This timeline of time measurement inventions is a chronological list of particularly important or significant technological inventions relating to timekeeping devices and their inventors, where known.
Note: Dates for inventions are often controversial. Sometimes inventions are invented by several inventors around the same time, or may be invented in an impractical form many years before another inventor improves the invention into a more practical form. Where there is ambiguity, the date of the first known working version of the invention is used here.
|History of technology|
- c. 3500 BC - Egyptian obelisks are among the earliest shadow clocks.
- c. 1500 BC - The oldest of all known sundials, dating back to the 19th Dynasty.
- c. 500 BC - A shadow clock is developed similar in shape to a bent T-square.
- 3rd century BC - Berossos invents the hemispherical sundial.
- 270 BCE - Ctesibius builds a water clock.
- 11th century - Sets of hourglasses were maintained by ship's pages to mark the progress of a ship during its voyage
- 11th century - Large town clocks were used in Europe to display local time, maintained by hand
- 1335 - First known mechanical clock, in Milan
- 1502 - Peter Henlein builds the first pocketwatch
- 1522 - The Portuguese navigator Ferdinand Magellan used 18 hourglasses on each ship during his circumnavigation of the globe.
- 1656 - Christiaan Huygens builds the first accurate pendulum clock.
- 1676 - Daniel Quare, a London clock-maker, invents the repeating clock, that chimes the number of hours (or even minutes).
- 1680 - Second hand introduced
- 1737 - John Harrison presents the first stable marine chronometer, thereby allowing for precise longitude determination while at sea
- 1850 - Aaron Lufkin Dennison starts in Roxbury, Mass.U.S.A. the Waltham Watch Company and develops the American System of Watch Manufacturing.
- 1884 - International Meridian Conference adopts Greenwich Mean Time for consistency with Nevil Maskelyne's 18th century observations for the Method of Lunar Distances
- 1893 - Introduction by Webb C. Ball of the General Railroad Timepiece Standards in North America: Railroad chronometers
- 1921 - The Shortt-Synchronome free pendulum clock becomes the first clock more accurate than the rotation of the Earth
- 1927 - Joseph Horton and Warren Marrison describe the first quartz clock at Bell Telephone Laboratories.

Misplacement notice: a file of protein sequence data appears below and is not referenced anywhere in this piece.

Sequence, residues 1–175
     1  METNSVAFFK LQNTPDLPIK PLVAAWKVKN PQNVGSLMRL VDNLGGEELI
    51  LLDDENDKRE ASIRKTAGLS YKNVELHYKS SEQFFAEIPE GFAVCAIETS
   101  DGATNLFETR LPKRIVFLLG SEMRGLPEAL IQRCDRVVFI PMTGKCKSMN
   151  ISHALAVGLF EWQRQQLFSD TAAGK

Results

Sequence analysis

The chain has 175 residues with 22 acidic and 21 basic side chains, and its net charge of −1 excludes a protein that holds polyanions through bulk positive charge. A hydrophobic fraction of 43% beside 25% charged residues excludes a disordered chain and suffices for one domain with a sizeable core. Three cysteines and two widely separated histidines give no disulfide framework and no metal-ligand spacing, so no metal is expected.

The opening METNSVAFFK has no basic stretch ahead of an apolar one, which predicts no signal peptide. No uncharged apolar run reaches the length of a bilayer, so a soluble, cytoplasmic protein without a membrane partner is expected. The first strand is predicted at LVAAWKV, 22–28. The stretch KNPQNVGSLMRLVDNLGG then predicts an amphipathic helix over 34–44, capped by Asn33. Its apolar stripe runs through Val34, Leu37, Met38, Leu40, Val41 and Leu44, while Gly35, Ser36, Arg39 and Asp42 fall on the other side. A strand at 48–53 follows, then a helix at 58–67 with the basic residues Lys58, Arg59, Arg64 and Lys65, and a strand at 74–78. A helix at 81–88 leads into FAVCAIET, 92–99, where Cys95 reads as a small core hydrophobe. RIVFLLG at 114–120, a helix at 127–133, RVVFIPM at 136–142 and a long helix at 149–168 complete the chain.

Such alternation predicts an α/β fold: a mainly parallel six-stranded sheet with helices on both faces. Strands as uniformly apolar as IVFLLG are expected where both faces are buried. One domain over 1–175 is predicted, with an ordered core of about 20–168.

- 1946 - Felix Bloch and Edward Purcell develop nuclear magnetic resonance
- 1949 - Harold Lyons develops an atomic clock based on the quantum mechanical vibrations of the ammonia molecule
- 1983 - Radio-controlled clocks become common place in Europe
- 1994 - Radio-controlled clocks become common place in USA
- "Sundial". Encyclopædia Britannica. Retrieved April 4, 2008.
- "One of world's oldest sun dial dug up in Kings' Valley, Upper Egypt". ScienceDaily. 14 March 2013. Retrieved 10 May 2021.
- Barnett 1999, p. 18.
- Dolan 1975, p. 34.
- Bergreen 2003, p. 53.
- "Ancient Calendars". A Walk Through Time. National Institute of Standards and Technology. 12 August 2009. Retrieved 15 May 2021.
- Landes 1985, p. 220.
- Marrison 1948, p. 538.
- Barnett, Jo Ellen (1999). Time's Pendulum: From Sundials to Atomic Clocks, the Fascinating History of Timekeeping and How Our Discoveries Changed the World (1st ed.). San Diego: Harcourt Trade Publishers. ISBN 978-01560-0-649-1.
- Bergreen, Laurence (2003). Over the Edge of the World: Magellan's Terrifying Circumnavigation of the Globe. New York: Morrow. ISBN 978-0-06-621173-2.
- Dolan, Winthrop W. (1975). A Choice of Sundials. Brattleboro, Vermont: The Stephen Greene Press. ISBN 9780828902106. OCLC 471181086.
- Landes, David S. (1985). Revolution in Time: Clocks and the Making of the Modern World. Cambridge, Massachusetts: Harvard University Press. ISBN 9780674768024. OCLC 29148451.
- Marrison, Warren A. (1948). "The Evolution of the Quartz Crystal Clock". Bell System Technical Journal. New York: AT&T. 27 (3): 510–588. doi:10.1002/j.1538-7305.1948.tb01343.x. OCLC 10999639. S2CID 88503681.